- By Colum Lynch
Colum Lynch is Foreign Policy's award-winning U.N.-based senior diplomatic reporter. Lynch previously wrote Foreign Policy's Turtle Bay blog, for which he was awarded the 2011 National Magazine Award for best reporting in digital media. He is also a recipient of the 2013 Elizabeth Neuffer Memorial Silver Prize for his coverage of the United Nations.
Before moving to Foreign Policy, Lynch reported on diplomacy and national security for the Washington Post for more than a decade. As the Washington Post's United Nations reporter, Lynch had been involved in the paper's diplomatic coverage of crises in Afghanistan, Iraq, Lebanon, Sudan, and Somalia, as well as the nuclear standoffs with Iran and North Korea. He also played a key part in the Post's diplomatic reporting on the Iraq war, the International Criminal Court, the spread of weapons of mass destruction, and U.S. counterterrorism strategy. Lynch's enterprise reporting has explored the underside of international diplomacy. His investigations have uncovered a U.S. spying operation in Iraq, Dick Cheney's former company's financial links to Saddam Hussein, and documented numerous sexual misconduct and corruption scandals.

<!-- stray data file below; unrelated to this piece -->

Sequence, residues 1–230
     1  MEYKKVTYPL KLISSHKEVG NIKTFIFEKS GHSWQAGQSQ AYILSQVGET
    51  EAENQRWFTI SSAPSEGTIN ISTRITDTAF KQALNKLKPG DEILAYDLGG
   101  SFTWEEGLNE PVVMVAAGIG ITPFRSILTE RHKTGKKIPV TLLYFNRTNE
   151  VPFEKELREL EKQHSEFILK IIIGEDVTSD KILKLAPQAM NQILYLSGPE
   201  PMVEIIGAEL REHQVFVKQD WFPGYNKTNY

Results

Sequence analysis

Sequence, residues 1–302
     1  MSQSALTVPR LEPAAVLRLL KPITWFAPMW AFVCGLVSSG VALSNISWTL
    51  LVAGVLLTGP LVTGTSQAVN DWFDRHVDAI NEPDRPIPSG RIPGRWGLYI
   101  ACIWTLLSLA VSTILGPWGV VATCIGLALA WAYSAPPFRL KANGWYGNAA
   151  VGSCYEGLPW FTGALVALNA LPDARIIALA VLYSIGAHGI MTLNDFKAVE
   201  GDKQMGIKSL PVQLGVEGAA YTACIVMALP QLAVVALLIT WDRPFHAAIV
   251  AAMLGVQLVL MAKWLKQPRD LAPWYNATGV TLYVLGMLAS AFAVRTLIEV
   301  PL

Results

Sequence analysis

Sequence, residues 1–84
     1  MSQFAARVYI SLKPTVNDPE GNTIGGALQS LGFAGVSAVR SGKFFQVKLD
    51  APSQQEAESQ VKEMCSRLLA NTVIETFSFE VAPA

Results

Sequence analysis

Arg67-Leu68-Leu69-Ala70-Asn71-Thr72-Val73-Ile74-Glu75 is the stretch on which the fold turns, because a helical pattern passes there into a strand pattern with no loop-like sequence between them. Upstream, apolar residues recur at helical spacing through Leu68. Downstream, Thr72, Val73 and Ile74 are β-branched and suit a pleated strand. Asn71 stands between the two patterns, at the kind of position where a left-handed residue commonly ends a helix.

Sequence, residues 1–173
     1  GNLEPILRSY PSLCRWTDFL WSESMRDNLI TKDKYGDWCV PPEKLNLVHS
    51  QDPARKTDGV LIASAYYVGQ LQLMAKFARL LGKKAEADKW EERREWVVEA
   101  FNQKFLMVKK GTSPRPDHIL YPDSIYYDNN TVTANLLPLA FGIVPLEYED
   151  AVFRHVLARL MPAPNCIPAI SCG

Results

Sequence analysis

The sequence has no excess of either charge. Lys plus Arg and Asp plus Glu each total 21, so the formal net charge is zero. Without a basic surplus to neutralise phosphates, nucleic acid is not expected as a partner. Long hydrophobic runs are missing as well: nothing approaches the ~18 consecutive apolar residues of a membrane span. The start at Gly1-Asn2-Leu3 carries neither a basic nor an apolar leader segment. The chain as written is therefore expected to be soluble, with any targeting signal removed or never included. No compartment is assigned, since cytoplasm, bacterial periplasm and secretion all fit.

Lynch has appeared frequently on the Lehrer News Hour, MSNBC, NPR radio, and the BBC. He has also moderated public discussions on foreign policy, including interviews with Susan E. Rice, the U.S. national security advisor, Gerard Araud, France's U.N. ambassador, and other senior diplomatic leaders.
Born in Los Angeles, California, Lynch received a bachelor's degree from the University of California, Berkeley, in 1985 and a master's degree from Columbia University's Graduate School of Journalism in 1987. He previously worked for the Boston Globe.
Somalia received a rare bit of good news, recently. After struggling for months to endure the deadliest famine in 60 years, the U.N. Food Security Nutrition Analysis Unit today lifted its “famine” designation for three Somali regions — Bakool, Bay, and Lower Shabelle — downgrading them to the “lesser emergency” phase.
The improvement follows a break in the region’s deadly drought and progress in the U.N.’s ability to deliver food to the country’s poorest people. In recent months, the U.N. has increased assistance to more than 2.4 million people.
But why is no one declaring victory?